Monday, July 17, 2006

Starting Findory: In the beginning

For the first post, I wanted to talk a bit about how I was motivated to start Findory.

The fundamental idea behind Findory is to apply personalization to information. Help people deal with information overload. Help cut through the noise and filter up the good stuff. Help people find what they need.

Personalization can do this using implicit information about your wants and needs, learning from your behavior. Personalization complements search. Search requires people to explicitly provide a query. Personalization surfaces useful information without any explicit query.

Personalization can also be used as a way to improve search. For example, if people are repeatedly refining a query (e.g. [greg linden findory], then [greg linden amazon]), they are not finding what they need. Paying attention to what they have done, especially what they have done recently, and showing different search results to different people can help surface information that otherwise might be buried deep. That is also personalization.

In addition, personalization can be used to improve advertising. Almost all advertising is useless, and annoying. Advertising does not have to be that way. Advertising can be useful information about products and services you might actually want. By paying closer attention to your interests and needs, advertising can be targeted instead of sprayed. It can be relevant and helpful, not irrelevant and wasteful. That is also personalization.

Back when I became really interested in this and wanted to work on it, I was just getting out of Stanford in 2003. Creating a company was not my first plan. I talked to Google, Yahoo, MSN, and Amazon first. The people I talked to expressed interest, but not urgency, and did not want to move as aggressively on personalization as I did.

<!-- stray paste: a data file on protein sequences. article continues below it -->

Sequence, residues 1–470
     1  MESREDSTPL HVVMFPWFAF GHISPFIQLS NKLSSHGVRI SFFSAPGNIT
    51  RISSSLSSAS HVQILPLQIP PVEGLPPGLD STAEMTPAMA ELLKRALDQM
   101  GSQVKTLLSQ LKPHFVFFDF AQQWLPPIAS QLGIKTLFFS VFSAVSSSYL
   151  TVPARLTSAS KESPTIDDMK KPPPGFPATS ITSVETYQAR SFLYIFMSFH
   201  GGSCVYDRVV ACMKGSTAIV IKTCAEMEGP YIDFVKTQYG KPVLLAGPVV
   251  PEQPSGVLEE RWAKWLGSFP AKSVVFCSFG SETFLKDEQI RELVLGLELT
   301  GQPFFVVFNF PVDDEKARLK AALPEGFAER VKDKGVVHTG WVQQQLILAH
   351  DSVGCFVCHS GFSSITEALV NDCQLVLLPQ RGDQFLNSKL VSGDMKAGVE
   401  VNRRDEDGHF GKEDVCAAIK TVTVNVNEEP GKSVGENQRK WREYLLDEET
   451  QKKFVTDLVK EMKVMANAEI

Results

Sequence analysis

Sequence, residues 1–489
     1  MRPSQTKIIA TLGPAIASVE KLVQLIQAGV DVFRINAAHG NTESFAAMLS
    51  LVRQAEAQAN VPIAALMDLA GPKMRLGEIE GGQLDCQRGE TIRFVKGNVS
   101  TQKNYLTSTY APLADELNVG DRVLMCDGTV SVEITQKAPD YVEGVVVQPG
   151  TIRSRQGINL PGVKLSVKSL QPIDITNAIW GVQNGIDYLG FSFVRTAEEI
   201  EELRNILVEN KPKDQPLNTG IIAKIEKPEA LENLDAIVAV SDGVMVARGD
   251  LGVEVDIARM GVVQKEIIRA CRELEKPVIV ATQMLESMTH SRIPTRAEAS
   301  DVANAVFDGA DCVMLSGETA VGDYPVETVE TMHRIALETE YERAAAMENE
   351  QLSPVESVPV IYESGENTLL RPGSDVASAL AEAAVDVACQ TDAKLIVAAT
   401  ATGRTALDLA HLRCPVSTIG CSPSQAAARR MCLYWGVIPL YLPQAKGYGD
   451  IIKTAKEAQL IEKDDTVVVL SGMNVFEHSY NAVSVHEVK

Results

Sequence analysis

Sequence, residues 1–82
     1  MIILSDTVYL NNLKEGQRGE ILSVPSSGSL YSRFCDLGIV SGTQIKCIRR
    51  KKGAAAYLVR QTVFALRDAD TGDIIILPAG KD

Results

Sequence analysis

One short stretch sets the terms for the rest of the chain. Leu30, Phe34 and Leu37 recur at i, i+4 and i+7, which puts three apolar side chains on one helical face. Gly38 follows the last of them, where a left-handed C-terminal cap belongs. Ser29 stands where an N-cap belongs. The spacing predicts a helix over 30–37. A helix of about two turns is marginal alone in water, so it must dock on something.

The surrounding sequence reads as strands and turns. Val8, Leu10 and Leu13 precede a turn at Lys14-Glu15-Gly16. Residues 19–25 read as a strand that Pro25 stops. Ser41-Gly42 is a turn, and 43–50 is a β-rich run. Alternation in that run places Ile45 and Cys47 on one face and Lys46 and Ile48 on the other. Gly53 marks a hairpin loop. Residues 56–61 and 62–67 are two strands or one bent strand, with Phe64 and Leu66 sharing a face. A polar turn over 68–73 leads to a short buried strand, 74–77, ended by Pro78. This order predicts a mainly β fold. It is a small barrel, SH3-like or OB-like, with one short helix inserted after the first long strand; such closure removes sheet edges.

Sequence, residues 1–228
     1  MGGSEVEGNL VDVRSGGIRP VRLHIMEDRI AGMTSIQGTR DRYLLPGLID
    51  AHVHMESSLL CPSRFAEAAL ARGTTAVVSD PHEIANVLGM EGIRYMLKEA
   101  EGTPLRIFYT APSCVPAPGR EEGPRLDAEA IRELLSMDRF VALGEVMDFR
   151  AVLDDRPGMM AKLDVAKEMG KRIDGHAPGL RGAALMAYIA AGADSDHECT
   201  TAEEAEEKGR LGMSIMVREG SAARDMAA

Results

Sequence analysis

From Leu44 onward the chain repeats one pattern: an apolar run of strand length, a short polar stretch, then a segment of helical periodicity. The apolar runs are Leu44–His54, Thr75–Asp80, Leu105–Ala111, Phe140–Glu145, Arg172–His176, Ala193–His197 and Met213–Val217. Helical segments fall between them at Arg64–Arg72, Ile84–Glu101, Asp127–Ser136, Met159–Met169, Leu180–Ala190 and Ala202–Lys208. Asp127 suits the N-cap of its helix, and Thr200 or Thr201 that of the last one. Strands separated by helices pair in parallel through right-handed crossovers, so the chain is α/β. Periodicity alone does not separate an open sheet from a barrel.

I believed in the value of applying personalization to information. I wanted to see it happen. While I thought it was inevitable that everyone will be doing personalization of information over the next 5-10 years, I wanted to see it sooner. I started Findory to make it happen.


Gene Weng said...

Hi Greg,

Why most people are focusing on "implicit" instead of "explicit"? Why not a web site that allows user to express "I want to buy a 6-Megapixel Digital Camera at the price around $250."?

Greg Linden said...

Hi, Gene. That's a good point. That's basically a search. You lay down your constraints (e.g. "6 megapixel camera near $250") and get your results.

The problem is that people often are unwilling or unable to specify a search. Do you know which of the 5M+ items in the Amazon catalog might be of interest to you? Can you specify a search for them? Similarly, can you specify which articles in the millions of articles published daily might be interesting to you?

Perhaps, with effort, you can catch a subset of them yourself. But what of those that are not willing to put in that effort? Should we not seek to help them find what they need?

That's where the focus on implicit helps. If we pay attention to what you are doing, we can learn what you want and need. By focusing in on your past behavior, we can help you discover new things in the future.

Anonymous said...

Greg writes: "Personalization surfaces useful information without any explicit query.

First of all, let me say that I agree with the ultimate goal of what you're after. Different people should indeed be able to see different results, as influenced by their prior interactions and/or histories.

However, I continue to take a strong stand on the terminology that you use in pursuit of this goal, because (with all respect) I think it dilutes the understanding of what it is you're trying to do.

When you say above that personalization surfaces useful information without any explicit query, I have to strongly disagree. Personalization is actually orthogonal to the nature of the query.

I think this distinction between explicit and implicit queries is actually a continuum, say along the x-axis. Far, far to one side you have structured queries, ala SQL. Further down the continuum traveling left you have unstructured queries, ala ad hoc retrieval (Google). Further down the continuum, on the left, you have implicit queries (or queryless queries, or whatever you want to call them) in which information is retrieved without having to formally issue a query.